HISTORIC NASCAR WEEKEND AT AUTO CLUB SPEEDWAY IN CALIFORNIA
NASCAR racing in words and pictures; Kyle Busch achieves a milestone record
NASCAR racing is a distinctly American form of motorsport. Over many weekends each year, NASCAR thrills its fans with exciting, family-friendly, high-speed auto racing. Dozens of brutally powerful, extremely loud “stock cars” bump and bang, follow in each other’s draft, and lean on each other as they race lap after lap at high speeds, around banked ovals, short tracks and road courses.
NASCAR is known for its strong personalities, including Dale Earnhardt, Richard Petty, Jeff Gordon, Kyle Busch and countless others. Love ‘em or hate ‘em, NASCAR fans let you know, loud and clear and in no uncertain terms, from the grandstands and the infield.
As we learn from www.NASCAR.com/nascar-history, NASCAR – the National Association for Stock Car Racing – traces its origin back to December 14, 1947, when Bill France Sr. organized a meeting at a hotel in Daytona Beach, Florida to discuss the future of stock car racing. The fledgling organization ran its first race on the beach in Daytona Beach, on February 15, 1948. The first NASCAR “Strictly Stock Championship” was won on October 16, 1949, by Red Byron.
On February 22, 1959, the high-banked, 2.5-mile Daytona International Speedway hosted its first Daytona 500 (today’s premier race on the NASCAR calendar). Lee Petty, the father of legendary Richard Petty, was the winner. Richard Petty won the February 18, 1979 Daytona 500, the first 500-mile race covered flag-to-flag on TV.
On July 4, 1984, Richard Petty (“The King”) won his 200th NASCAR race – again at Daytona International Speedway.
Three drivers have won a record seven Championship titles: Richard Petty, Dale Earnhardt and Jimmie Johnson (still competing today).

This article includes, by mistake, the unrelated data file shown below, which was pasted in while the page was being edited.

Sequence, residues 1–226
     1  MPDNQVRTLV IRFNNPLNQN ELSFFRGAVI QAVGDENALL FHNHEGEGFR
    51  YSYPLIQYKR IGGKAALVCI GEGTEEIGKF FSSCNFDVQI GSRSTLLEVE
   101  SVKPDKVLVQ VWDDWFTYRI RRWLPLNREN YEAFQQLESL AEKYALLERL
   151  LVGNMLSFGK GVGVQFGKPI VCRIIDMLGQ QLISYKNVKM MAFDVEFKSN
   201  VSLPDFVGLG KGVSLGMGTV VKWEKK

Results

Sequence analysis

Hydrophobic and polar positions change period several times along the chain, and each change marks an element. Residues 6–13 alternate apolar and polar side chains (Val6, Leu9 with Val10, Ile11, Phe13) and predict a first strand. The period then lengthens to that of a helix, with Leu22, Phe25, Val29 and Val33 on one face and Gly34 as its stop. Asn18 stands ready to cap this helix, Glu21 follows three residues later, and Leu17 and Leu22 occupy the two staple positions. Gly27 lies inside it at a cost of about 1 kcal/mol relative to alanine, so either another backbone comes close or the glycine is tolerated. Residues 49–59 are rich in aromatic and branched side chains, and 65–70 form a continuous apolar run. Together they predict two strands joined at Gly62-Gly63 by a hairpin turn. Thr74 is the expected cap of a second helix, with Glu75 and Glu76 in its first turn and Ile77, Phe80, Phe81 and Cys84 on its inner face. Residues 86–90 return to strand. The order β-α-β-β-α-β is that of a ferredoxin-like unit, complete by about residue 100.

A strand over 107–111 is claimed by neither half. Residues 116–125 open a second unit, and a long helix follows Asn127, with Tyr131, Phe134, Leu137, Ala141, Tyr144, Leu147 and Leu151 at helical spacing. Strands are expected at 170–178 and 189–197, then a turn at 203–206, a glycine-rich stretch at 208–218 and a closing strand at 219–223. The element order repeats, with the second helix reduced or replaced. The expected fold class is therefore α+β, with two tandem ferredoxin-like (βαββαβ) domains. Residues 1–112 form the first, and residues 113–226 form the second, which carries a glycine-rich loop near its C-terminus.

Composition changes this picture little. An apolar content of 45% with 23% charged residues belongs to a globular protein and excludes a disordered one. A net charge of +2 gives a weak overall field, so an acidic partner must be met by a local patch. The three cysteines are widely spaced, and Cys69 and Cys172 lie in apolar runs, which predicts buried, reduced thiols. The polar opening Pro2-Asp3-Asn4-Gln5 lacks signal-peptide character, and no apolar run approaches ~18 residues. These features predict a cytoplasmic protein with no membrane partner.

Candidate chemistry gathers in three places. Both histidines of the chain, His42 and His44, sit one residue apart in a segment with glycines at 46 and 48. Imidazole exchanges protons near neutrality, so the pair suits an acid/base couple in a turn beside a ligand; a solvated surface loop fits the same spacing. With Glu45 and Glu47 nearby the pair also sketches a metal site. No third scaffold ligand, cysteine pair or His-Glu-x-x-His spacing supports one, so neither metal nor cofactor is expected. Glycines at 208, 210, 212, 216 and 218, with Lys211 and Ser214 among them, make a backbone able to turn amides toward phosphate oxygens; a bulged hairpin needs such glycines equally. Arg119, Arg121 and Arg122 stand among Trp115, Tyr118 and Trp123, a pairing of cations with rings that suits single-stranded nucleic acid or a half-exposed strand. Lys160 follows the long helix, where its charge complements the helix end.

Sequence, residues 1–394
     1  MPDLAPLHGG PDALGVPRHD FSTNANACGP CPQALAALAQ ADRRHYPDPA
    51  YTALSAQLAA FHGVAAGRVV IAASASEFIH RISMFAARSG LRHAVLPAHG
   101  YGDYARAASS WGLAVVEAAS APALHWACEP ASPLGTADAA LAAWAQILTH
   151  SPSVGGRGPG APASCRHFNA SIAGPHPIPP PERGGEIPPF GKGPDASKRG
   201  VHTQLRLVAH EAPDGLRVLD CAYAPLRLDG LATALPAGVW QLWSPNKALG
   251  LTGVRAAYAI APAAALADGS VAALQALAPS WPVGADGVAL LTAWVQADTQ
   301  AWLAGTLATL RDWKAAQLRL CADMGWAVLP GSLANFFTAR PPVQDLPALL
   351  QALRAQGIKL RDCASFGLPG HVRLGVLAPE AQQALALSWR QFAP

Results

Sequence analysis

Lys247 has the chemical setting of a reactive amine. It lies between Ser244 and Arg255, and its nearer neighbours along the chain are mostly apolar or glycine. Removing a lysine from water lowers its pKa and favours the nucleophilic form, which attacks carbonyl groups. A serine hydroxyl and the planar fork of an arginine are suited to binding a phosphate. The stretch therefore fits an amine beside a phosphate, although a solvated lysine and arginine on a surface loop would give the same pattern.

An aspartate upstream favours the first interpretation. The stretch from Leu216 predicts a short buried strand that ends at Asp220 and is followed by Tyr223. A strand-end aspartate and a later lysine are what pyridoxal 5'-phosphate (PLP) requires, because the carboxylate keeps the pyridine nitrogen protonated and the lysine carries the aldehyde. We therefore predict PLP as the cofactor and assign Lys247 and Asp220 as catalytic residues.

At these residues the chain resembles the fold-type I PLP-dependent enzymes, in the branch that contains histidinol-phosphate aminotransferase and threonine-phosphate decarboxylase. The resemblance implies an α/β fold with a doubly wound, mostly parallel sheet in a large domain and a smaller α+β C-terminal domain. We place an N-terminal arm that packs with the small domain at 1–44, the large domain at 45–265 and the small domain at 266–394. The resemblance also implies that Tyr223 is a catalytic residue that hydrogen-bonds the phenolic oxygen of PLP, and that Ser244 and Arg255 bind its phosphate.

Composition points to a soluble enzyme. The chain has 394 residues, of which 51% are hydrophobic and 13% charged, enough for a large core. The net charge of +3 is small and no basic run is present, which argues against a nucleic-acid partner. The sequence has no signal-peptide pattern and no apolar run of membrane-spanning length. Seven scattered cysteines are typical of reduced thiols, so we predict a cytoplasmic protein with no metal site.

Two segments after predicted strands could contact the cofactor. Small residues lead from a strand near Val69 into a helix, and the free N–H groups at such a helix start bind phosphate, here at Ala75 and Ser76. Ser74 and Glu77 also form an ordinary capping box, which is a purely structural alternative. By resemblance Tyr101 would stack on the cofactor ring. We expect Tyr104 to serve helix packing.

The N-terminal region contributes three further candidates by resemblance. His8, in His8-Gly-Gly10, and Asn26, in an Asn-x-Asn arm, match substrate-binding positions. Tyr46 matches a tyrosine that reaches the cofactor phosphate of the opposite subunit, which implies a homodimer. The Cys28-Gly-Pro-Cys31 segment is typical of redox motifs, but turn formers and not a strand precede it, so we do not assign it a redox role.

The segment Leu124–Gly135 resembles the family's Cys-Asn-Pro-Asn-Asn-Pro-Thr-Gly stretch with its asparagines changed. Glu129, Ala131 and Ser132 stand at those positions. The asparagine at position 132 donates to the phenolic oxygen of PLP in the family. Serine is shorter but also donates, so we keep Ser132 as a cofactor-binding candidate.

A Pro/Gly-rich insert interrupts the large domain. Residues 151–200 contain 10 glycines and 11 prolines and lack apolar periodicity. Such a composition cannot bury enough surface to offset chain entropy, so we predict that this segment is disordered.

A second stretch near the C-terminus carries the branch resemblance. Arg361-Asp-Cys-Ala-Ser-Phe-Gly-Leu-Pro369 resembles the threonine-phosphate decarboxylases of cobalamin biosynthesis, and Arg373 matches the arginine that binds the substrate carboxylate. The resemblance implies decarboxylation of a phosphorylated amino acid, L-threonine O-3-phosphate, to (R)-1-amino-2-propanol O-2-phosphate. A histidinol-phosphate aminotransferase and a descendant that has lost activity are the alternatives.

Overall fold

In 1963 Wendell Scott was the first African-American to win a race in NASCAR’s premier series. Then, in 1977, Janet Guthrie became the first woman to compete in the Daytona 500. Danica Patrick was the first female to win a pole in NASCAR’s premier series at the 2013 Daytona 500.
A NASCAR race weekend begins midweek, when the haulers first roll into the track and start setting up.
The infield is typically filled with motorhomes. Fans create a temporary community, complete with kids riding bicycles and people playing catch. Come race time, the roofs of these motorhomes provide excellent vantage points from which to watch the racing.
Depending upon the venue, more than one series may compete on the same weekend. Some races are run under the lights, at night. Unlike some other race series, races that are run on ovals are not run in the rain. That has led to several races being run on the Monday following the weekend.
NASCAR’s rules keep the competition close and the fans engaged throughout the races by using various methods to bunch up the fields. Under caution periods (for accidents, debris on the track or various other safety concerns), the fields get gathered back together for restarts, producing plenty of close-quarters, wheel-to-wheel, fender banging racing. NASCAR also has something they call the “Lucky Dog,” in which the first car a lap down at a caution is directed to rejoin the cars on the lead lap for the restart.
During pit stops, Ford, Chevy and Toyota stock cars abruptly slow down to the pit lane speed limit and enter their pit stalls for service. Athletic crew members, carrying a heavy wheels and tires, and a jack, race around each car, jack it up and change its tires. Fuel is added from a tall, hand-held, bright red gas can. The shrieking sounds of multiple air wrenches loosening and tightening lug nuts can be heard along pit road.
I took the photos for this column at the March 15 – 17, 2019 NASCAR race weekend at Auto Club Speedway in Fontana, California. On Saturday, the 150-lap, 300-mile “Production Alliance Group 300” NASCAR Xfinity Series race was won by Cole Custer in the number 00 Thompson Pipe/Haas CNC Ford.
The feature “Auto Club 400” Monster Energy NASCAR Cup Series race followed on Sunday. During the pace laps of that race, just before the drop of the green flag, the drivers saluted the fans with an historic, first time ever “Five Wide Salute.
Kyle Busch went on to win that race, driving his familiar #18 Interstate Batteries Toyota for “Coach” Joe Gibbs, and setting an historic record for 200 combined NASCAR national series wins.
COPYRIGHT © 2019 BY JAN WAGNER – AUTOMATTERS & MORE #590R2